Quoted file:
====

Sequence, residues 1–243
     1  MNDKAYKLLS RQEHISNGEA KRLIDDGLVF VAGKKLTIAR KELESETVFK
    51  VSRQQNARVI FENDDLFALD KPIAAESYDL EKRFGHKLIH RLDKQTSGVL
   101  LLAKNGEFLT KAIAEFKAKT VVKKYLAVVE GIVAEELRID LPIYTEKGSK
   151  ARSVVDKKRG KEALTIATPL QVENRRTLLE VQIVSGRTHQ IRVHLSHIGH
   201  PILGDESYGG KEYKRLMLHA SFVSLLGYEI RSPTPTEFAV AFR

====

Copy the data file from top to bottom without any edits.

Sequence, residues 1–243
     1  MNDKAYKLLS RQEHISNGEA KRLIDDGLVF VAGKKLTIAR KELESETVFK
    51  VSRQQNARVI FENDDLFALD KPIAAESYDL EKRFGHKLIH RLDKQTSGVL
   101  LLAKNGEFLT KAIAEFKAKT VVKKYLAVVE GIVAEELRID LPIYTEKGSK
   151  ARSVVDKKRG KEALTIATPL QVENRRTLLE VQIVSGRTHQ IRVHLSHIGH
   201  PILGDESYGG KEYKRLMLHA SFVSLLGYEI RSPTPTEFAV AFR